The ultimate survival storm tactic, jogging into breaking seas, has had its first (and hopefully last) FPB test. This took place recently off the Needles near the Isle of Wight in the UK’s Solent. Read the rest »
A series of videos made aboard FPB 64s.
With a bit of offshore experience under your belt, and the right yacht, preparing for and executing ocean crossings becomes routine. You will get to the point where you will decide to go on Monday, spend the next couple days provisioning, and be gone by Thursday. But the first time you head for the horizon, there’s going to be some trepidation. It happens with everyone.
While our usual fair is more extreme weather than this video depicts, there are some lessons for us here as well, not the least of which is the efficiency at work you are about to watch on your computer screen. The video was shot by Brian Rickard on a recent cruise with the Henrys aboard the FPB 64 Sarah Sarah, in British Columbia.
Sarah Sarah has a full payload of the Henry’s gear aboard and half tanks. She weighs around 80,000 pounds / 36,000kg, and is running at nine knots through the water (net of current). This is a speed length ratio of 1.15, on the low side of where the FPB 64s normally operate in smooth water.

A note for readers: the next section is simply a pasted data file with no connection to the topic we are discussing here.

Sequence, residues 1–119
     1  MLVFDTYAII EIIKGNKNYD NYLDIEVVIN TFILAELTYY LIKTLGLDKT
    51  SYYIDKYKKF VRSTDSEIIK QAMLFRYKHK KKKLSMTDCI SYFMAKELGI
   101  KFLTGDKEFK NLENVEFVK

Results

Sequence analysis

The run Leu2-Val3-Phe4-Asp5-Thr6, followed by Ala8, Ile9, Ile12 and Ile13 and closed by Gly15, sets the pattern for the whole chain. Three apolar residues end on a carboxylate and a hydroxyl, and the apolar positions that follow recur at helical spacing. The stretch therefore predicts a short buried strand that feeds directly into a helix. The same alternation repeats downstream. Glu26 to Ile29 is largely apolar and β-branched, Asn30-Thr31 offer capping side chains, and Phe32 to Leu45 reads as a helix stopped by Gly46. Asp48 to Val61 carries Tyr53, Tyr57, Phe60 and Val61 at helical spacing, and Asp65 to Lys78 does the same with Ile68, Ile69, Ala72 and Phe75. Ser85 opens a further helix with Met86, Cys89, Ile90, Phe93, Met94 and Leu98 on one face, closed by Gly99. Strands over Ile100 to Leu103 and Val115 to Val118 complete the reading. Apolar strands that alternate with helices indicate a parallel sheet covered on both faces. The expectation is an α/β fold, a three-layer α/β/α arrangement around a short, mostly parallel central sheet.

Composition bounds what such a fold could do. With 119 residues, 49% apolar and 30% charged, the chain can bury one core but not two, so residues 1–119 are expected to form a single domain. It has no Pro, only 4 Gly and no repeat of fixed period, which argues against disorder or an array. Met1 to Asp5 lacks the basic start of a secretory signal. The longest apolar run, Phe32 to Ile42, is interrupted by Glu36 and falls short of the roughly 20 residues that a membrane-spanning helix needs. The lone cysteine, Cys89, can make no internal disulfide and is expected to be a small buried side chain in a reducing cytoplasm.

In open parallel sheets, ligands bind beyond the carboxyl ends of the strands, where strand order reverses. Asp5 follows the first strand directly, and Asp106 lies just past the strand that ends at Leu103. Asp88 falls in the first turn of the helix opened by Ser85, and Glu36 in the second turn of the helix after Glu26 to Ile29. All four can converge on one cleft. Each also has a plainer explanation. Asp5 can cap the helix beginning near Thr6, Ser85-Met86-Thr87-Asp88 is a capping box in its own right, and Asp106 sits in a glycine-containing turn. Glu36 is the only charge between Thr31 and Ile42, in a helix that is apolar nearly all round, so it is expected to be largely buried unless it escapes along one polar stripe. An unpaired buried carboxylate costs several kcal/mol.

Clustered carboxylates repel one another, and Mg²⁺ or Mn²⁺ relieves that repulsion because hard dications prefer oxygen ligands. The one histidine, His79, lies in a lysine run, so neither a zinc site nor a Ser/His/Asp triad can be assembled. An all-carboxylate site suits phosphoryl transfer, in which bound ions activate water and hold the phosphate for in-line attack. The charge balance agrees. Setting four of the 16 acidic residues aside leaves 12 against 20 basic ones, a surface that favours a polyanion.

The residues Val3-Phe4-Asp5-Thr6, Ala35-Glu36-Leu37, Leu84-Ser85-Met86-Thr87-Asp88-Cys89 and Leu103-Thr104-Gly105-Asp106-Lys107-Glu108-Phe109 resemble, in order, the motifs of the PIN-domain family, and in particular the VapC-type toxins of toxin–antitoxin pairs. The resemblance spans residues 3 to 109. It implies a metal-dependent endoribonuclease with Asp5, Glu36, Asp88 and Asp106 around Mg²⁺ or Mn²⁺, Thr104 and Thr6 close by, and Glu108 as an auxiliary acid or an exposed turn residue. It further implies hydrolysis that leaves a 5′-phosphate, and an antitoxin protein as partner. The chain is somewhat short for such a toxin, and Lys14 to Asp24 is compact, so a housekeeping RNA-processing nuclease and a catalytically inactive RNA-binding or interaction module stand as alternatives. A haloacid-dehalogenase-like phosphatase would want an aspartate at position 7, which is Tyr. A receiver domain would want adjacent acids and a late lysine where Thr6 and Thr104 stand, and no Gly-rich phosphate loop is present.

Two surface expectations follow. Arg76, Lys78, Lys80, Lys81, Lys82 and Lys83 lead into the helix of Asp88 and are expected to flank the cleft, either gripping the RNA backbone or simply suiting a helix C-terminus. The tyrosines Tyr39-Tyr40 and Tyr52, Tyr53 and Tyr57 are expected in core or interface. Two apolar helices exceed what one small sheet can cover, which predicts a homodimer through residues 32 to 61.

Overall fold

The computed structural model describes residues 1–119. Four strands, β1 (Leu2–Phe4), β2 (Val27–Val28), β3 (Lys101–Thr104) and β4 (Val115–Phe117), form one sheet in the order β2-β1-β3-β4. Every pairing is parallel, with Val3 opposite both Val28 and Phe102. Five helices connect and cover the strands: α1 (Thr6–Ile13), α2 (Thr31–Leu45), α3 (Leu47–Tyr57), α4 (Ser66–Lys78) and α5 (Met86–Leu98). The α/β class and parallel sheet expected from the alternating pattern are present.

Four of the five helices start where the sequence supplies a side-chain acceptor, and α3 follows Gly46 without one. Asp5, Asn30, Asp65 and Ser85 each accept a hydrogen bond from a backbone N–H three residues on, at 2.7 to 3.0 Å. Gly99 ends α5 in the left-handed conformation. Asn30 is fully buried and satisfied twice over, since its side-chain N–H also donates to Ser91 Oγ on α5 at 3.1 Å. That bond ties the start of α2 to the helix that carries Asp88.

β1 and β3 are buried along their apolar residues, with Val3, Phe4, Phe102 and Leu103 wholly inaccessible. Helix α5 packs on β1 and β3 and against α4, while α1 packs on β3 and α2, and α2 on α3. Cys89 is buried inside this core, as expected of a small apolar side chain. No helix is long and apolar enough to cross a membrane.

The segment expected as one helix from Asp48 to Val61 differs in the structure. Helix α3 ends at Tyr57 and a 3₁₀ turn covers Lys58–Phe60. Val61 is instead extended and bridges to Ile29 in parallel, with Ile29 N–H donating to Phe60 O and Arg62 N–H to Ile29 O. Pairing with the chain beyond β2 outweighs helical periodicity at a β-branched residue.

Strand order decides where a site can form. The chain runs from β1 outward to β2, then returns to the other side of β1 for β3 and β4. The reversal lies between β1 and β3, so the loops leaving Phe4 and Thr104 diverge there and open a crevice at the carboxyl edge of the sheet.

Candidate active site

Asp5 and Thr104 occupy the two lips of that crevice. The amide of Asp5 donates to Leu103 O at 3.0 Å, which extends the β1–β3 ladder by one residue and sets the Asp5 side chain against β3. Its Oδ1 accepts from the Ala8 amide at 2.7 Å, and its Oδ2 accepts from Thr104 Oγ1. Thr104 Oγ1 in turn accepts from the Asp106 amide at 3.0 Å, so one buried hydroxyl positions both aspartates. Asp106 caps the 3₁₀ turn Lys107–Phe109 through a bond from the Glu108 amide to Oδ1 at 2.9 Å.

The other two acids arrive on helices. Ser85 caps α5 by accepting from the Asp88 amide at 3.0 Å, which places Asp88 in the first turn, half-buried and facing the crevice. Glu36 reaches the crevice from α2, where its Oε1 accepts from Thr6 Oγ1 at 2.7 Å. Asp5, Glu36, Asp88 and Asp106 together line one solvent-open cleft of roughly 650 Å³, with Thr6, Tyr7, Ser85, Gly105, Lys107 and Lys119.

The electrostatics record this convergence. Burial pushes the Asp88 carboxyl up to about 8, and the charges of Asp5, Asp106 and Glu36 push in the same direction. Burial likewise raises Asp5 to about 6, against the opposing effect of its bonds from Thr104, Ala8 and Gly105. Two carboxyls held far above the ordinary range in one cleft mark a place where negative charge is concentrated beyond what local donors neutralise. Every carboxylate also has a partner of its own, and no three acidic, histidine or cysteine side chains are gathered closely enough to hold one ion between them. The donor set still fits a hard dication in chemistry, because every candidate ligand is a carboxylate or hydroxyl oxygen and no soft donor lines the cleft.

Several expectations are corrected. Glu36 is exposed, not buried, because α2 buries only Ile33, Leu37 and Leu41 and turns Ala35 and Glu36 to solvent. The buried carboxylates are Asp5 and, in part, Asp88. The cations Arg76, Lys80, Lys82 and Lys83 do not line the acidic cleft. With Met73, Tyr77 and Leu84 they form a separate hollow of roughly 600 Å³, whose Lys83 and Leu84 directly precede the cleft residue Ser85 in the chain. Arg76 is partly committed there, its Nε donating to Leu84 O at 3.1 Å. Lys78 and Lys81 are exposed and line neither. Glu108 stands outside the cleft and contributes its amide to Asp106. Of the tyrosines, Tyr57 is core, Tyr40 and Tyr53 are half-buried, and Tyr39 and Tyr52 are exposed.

We are in the habit of dissecting video of our yachts to study their action and reaction in various wave trains. There are a variety of video editing packages which facilitate this (these days we use Final Cut Pro). Slowing down and/or stopping action, and occasionally speeding things up, often tease out details that are missed by those onboard (ourselves included).
Join us for sea trials aboard the FB 64 Avatar.
This video was taken at various times between New Zealand and Neah Bay, Washington, aboard the FPB 64 Sarah Sarah. It shows the worst of the conditions encountered and how Sarah Sarah dealt with them.